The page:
I have played lots of space ship combat games.  Two of my favorites are Attack Vector:Tactical and Sqaudron Strike.  A while back, the publisher ask for a sales pitch to tempt a potential customer.  The following is my pitch.  Feel free to share it to promote the games.


Ad Astra publishes two space combat games at the moment: Attack Vector:Tactical (AV:T) and Squadron Strike (SS). All of Ad Astra's games feature 3D movement. SS also allows for 2D games.

The trick to making 3D work as a tactical element is to make ships that are also 3D. Ships in Ad Astra's games have top and bottom sides that can be attacked as well as separate firing arcs. This results in ships that are more nuanced and creates a richer tactical environment with very few additional rules.

For example, if you look at the Klingon D6's in the Axanar Production film "Prelude to Axanar" (https://www.youtube.com/watch?v=1W1_8IV8uhA) you'll notice that they are designed to shoot at planet-side targets with their heavy weapons.

When designing a 3D ship to model this, the designer can have the heavy disruptors have front, front/bottom arcs and not be able shoot into the front/top arc. So, when approaching a D6, it is best to be "above" it so that it can not attack with its heaviest weapons. Of course, the D6 can pitch and roll to brings its weapons to bear, but that is the point of the game: manuvering to get the best shot.

When playing either game, I rarely have to consult the rule-book. The last time that I needed to consult the rulebook for AV:T was when I managed to hit my opponent with a nuke. (Nukes are not insta-death in AV:T, real close though....)

AV:T is a Hard Science game. It is built using real science and extrapolated numbers (with the exception of its FTL drives); however, 99% of the math is hidden in the play-aid and players never need to worry about it. It uses full Newtonian movement rules, which is the source of much of the fun in game as player strive to set up a vector vs their opponents and then pivot like crazy as they fly past each other. AV:T also has a built-in setting: the 10 Worlds.

I liken AV:T to golf in that it is a game that requires practice to play. About half of the game is figuring out how to make your ship do what you want it to do and the other half is responding to what your opponent is doing. Much in the same way that golfers need to figure out how to get the ball into the cup for a given hole while doing it faster than their opponent.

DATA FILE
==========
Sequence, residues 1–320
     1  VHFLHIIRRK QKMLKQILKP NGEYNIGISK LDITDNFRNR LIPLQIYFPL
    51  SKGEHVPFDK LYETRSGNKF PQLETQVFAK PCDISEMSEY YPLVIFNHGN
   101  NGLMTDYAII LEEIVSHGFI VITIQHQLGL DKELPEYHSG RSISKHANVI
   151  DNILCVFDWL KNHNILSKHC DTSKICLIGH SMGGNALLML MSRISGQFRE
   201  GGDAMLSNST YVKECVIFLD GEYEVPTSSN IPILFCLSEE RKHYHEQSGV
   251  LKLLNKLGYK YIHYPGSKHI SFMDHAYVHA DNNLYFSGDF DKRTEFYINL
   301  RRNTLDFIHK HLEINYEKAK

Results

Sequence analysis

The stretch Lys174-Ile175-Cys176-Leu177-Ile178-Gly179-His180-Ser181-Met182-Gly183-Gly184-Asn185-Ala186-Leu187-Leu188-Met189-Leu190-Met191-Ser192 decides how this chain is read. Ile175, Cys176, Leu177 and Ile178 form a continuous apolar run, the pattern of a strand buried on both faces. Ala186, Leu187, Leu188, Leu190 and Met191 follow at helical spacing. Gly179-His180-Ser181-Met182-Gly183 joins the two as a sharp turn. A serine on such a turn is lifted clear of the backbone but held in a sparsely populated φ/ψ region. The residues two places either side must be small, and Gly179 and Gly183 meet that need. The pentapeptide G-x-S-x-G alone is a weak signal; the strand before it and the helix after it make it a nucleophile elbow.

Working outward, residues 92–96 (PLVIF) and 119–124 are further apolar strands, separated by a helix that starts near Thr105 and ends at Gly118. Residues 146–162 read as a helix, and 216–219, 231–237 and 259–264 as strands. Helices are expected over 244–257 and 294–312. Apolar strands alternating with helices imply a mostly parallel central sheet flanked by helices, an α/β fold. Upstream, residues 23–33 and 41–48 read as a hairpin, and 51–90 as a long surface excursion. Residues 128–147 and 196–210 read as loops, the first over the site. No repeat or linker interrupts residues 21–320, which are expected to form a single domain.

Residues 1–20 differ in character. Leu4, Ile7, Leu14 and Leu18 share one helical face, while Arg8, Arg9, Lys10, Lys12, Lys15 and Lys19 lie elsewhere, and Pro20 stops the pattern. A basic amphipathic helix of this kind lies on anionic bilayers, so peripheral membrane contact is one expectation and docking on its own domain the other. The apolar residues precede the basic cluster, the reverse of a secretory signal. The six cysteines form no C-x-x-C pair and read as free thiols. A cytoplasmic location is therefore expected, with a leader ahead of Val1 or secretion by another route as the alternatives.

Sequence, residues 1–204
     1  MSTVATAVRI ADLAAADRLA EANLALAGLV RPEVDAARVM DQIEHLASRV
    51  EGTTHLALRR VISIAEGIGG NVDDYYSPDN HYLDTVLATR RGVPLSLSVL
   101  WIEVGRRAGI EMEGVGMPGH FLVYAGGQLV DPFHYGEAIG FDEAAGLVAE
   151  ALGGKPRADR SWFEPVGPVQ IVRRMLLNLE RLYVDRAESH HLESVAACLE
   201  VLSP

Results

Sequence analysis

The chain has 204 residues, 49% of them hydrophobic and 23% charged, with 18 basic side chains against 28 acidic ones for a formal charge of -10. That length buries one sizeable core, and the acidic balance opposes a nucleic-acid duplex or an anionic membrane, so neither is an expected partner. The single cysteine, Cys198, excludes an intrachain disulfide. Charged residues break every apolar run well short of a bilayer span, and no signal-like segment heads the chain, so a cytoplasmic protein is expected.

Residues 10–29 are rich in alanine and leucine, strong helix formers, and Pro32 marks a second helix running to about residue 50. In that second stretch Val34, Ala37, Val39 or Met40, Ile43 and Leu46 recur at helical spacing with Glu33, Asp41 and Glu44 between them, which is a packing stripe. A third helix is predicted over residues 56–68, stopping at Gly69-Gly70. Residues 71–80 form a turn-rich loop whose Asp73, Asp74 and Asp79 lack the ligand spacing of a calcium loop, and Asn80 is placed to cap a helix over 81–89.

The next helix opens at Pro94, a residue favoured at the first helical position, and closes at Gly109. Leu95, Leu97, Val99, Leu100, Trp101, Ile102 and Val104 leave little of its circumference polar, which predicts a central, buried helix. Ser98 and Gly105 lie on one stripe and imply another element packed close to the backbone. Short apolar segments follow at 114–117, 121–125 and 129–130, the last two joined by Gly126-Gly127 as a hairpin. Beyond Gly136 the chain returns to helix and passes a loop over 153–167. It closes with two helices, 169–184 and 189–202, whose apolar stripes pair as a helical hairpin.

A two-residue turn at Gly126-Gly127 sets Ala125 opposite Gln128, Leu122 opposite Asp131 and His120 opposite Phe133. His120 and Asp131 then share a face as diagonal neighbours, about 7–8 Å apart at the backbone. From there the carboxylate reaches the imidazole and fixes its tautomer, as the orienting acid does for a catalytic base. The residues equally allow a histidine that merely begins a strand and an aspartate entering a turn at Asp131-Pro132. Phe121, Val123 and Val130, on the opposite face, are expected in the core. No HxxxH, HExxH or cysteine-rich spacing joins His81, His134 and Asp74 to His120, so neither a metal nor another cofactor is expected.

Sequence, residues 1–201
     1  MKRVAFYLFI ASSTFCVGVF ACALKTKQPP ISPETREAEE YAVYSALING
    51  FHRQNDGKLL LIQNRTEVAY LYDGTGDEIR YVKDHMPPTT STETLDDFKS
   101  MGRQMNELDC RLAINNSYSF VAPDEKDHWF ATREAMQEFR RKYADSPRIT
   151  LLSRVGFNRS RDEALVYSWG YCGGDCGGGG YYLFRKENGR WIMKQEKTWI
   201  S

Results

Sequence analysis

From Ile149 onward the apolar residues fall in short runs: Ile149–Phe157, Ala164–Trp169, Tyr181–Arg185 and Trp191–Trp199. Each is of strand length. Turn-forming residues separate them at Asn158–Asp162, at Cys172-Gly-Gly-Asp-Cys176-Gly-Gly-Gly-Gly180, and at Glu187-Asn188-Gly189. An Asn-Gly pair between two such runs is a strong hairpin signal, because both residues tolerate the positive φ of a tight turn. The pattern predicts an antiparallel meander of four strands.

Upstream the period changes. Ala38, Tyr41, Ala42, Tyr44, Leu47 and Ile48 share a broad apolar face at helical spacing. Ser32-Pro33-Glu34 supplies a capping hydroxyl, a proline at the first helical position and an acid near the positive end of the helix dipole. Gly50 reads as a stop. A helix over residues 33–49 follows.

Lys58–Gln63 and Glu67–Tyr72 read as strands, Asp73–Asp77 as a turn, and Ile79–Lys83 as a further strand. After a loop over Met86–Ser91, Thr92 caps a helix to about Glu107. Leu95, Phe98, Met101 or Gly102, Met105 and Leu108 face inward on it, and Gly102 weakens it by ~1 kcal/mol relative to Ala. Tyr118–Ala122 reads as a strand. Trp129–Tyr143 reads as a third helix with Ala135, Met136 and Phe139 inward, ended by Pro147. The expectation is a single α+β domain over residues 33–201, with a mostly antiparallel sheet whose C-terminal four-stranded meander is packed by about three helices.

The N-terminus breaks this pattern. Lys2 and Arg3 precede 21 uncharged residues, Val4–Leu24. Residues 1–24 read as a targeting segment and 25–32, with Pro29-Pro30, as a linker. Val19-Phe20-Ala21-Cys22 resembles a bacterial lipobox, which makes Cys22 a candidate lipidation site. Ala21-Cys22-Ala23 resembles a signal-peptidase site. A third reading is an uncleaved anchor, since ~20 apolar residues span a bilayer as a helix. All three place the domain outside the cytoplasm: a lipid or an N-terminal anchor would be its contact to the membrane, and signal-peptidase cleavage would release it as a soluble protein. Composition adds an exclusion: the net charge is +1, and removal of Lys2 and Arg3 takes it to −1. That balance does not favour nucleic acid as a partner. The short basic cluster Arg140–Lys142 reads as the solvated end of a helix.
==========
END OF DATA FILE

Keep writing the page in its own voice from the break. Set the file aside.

AV:T is also the most SFB-like. It is built on an 8 segment(impulse) turn where ships move proportionally during the turn and each segment is a full decision cycle. It is different from SFB in that energy builds up slowly over the course of a turn, but energy allocation is done on the fly (it is mainly used to fire weapons and power defences).

Squadron Strike is Ad Astra's generic space ship combat game. The heart of SS is an absolutely gigantic spreadsheet that can design a staggering number of different space ships and weapon systems. The folks behind Ad Astra are fans of a large number of SF universes, so support for those universes are built into the system. Currently SS is available in two flavors: Empire-Directorate War and Traveller. The Empire-Directorate setting is the in-house setting developed by AdAstra and Traveller is based on Marc Miller's Traveller RPG. Either setting can be ignored in favor of a custom-made setting of the players own design.

The spread sheet also makes SS's difficulty hard to describe. Ships can be designed to be extremely simple to fly or incredibly complex.

SS's turn is basically, Plot, Move, Shoot, Other Stuff. Everyone plots out their movement (using clever game aids, so it is as simple as drawing a few lines) and then moves their ships. Then everyone plots out their attacks and then roll their shots . Then misc stuff like boarding combat and damage control take place.

SS doesn't use proportional movement. Energy allocation is on the fly and requires a ships be built to use energy allocation. Damage allocation is rather elegant as the ship's SSD doubles as its damage allocation chart.

SS features 3 movement types named after the number of Newton laws that it follows: Mode 0, Mode 1, and Mode 2. SS can be played in either 3D or 2D and the firing arcs on the SSDs change based on the mode.

If AV:T is golf, then SS is a game of cards. Everyone needs to agree on which game of cards to play, but once that it is done, it is pretty easy to get going.